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Just one year ago, two of my fraternity brothers, Hunter Watson and Vinny Maugeri, both died in separate car crashes due to distraction. Hunter, who was my age at the time of his death, was an energetic, fun-loving, and extremely caring person. Those close to Vinny say that he was one of the most loving, personable and optimistic people that they had ever met.
At the age of 20, dealing with the death of a friend, let alone somebody my age, was devastating. My very supportive family and friends helped me through this difficult time, yet the sense of confusion still lingered. I quickly realized that both Hunter and Vinny’s deaths were preventable, and I knew that I wanted to help raise awareness about the consequences of distracted driving. I also knew I wanted to properly honor both of their legacies. My fraternity brothers and I put our heads together and came to the mutual conclusion that dedicating our philanthropic efforts to a cause that we all cared deeply about was a way for us to both honor Hunter and Vinny, and help spread awareness about the responsibilities that we all take on by getting behind the wheel of a car.
Last fall, we planned a weeklong philanthropy event aimed at bringing the Syracuse University community together to honor our fallen brothers’ legacies and to promote safe-driving education. We called it “Safe Driving Week,” and held events such as a candlelight vigil, fundraising around campus, social media awareness campaigns and a fall festival community event that celebrated the lives of our fallen brothers. The event was extremely successful, and we were able to raise close to $10,000, all of which was donated to the National Safety Council.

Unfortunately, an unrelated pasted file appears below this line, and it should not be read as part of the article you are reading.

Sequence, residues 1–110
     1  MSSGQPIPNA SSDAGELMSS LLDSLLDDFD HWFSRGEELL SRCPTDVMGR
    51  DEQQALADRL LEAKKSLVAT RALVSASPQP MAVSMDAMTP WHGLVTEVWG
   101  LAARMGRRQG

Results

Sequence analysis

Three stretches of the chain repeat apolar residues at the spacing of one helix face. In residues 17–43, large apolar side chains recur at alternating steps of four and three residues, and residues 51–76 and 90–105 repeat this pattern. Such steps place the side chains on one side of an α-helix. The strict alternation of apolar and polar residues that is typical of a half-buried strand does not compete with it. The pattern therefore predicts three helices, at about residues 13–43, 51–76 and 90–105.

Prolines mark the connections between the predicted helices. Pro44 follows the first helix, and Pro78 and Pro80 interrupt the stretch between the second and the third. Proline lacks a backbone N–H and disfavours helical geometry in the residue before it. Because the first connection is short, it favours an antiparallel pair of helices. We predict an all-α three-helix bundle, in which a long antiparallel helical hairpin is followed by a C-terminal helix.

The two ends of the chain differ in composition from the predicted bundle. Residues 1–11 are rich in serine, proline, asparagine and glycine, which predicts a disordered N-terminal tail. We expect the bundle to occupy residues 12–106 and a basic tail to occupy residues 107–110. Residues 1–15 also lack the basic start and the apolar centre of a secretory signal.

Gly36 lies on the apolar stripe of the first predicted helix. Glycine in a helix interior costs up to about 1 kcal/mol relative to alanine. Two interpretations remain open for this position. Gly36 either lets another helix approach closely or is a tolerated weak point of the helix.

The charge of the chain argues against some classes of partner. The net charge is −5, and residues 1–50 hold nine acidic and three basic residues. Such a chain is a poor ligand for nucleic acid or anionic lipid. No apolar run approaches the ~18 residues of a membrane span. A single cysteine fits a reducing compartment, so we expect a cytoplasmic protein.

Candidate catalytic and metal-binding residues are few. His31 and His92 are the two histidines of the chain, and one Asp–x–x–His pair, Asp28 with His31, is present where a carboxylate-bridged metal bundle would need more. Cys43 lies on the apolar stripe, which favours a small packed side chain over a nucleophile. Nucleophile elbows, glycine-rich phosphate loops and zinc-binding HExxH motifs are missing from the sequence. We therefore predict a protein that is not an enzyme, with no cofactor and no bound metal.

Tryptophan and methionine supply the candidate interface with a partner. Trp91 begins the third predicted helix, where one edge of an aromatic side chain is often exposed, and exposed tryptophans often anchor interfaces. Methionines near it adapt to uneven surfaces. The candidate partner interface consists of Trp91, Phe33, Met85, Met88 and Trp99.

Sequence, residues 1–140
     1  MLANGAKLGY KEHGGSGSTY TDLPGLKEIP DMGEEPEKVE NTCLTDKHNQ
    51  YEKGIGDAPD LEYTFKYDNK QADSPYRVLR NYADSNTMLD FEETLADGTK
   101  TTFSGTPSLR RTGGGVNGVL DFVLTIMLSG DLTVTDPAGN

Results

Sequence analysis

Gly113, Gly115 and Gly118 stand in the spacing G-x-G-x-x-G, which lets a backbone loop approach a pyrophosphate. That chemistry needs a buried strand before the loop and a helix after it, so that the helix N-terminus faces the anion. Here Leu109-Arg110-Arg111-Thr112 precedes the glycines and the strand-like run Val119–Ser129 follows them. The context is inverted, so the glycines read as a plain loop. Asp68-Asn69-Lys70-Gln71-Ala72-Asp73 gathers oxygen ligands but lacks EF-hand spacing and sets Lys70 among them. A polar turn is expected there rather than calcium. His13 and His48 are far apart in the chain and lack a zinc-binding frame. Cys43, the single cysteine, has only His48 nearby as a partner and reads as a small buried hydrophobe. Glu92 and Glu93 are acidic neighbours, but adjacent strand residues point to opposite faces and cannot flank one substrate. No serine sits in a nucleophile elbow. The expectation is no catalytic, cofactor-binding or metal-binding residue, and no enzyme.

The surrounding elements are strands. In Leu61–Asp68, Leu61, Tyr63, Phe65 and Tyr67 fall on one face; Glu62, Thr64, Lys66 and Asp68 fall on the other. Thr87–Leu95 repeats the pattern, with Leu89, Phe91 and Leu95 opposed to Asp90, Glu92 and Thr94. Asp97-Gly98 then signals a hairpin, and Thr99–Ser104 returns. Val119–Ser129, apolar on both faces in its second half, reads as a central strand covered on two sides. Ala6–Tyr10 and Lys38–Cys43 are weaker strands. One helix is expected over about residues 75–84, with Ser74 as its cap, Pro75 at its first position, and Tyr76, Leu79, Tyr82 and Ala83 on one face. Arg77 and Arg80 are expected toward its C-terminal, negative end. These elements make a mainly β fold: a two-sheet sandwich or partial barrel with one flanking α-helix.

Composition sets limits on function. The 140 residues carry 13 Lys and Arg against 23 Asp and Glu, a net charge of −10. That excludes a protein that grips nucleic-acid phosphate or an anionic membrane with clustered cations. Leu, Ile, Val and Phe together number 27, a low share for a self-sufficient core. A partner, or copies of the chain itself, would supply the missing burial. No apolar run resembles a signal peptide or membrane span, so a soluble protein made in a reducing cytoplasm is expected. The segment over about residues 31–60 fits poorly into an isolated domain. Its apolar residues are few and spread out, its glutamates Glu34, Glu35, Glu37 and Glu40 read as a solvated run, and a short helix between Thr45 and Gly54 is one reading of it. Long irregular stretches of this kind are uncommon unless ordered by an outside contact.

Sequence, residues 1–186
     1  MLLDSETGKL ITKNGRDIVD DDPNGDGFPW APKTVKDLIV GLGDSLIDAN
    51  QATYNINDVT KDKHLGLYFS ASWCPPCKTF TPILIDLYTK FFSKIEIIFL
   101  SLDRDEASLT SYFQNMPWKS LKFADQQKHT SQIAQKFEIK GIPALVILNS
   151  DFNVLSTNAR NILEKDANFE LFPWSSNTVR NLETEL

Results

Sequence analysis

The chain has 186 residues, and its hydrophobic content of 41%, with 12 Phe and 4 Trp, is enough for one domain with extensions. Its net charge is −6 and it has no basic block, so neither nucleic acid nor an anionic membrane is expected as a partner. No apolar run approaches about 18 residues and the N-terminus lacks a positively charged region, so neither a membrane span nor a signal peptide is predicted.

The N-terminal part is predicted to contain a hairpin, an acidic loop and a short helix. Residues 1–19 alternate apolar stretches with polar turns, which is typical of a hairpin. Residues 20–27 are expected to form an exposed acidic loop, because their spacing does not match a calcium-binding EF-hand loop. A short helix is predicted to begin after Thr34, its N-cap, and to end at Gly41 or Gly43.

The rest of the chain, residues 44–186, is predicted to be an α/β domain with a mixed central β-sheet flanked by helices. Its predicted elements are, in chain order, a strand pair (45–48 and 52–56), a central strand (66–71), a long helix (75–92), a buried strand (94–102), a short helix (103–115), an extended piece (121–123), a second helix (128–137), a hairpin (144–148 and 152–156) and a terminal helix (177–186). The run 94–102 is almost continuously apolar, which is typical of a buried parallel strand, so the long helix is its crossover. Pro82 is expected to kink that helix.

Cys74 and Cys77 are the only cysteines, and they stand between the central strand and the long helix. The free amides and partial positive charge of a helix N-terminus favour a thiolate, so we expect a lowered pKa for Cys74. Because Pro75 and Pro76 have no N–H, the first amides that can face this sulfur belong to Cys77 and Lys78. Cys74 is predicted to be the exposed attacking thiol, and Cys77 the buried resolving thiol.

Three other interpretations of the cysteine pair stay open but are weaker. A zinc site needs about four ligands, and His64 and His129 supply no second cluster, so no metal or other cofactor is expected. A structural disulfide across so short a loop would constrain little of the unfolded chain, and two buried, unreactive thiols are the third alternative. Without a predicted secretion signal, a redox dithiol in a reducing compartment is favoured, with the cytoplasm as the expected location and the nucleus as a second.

After seeing the positive impact last year’s event had on the Syracuse University community and beyond, we decided that Safe Driving Week would become an annual event. This year, from Oct. 10-13, our fraternity held its second annual Safe Driving Week. As a senior, I wanted to ensure that this week was as impactful and successful as last year’s, if not more so. This year, our fraternity raised more than $13,000, all of which will again be donated to the National Safety Council. The Council will be using these funds to help promote safe driving to people of all ages around the country.
Educating today’s young drivers about the many dangers and risks of distracted driving is extremely important. Please help spread this story as far and wide as possible, and together we can help prevent such tragedies from occurring. No one should have to go through what my fraternity brothers and I went through last year, and no parent should have to bury his or her child.
DriveitHOME™ is an initiative of the National Safety Council, designed by and for parents of newly licensed teen drivers. DriveitHOME™ offers free resources parents can use to help their teen build experience to become safer drivers.
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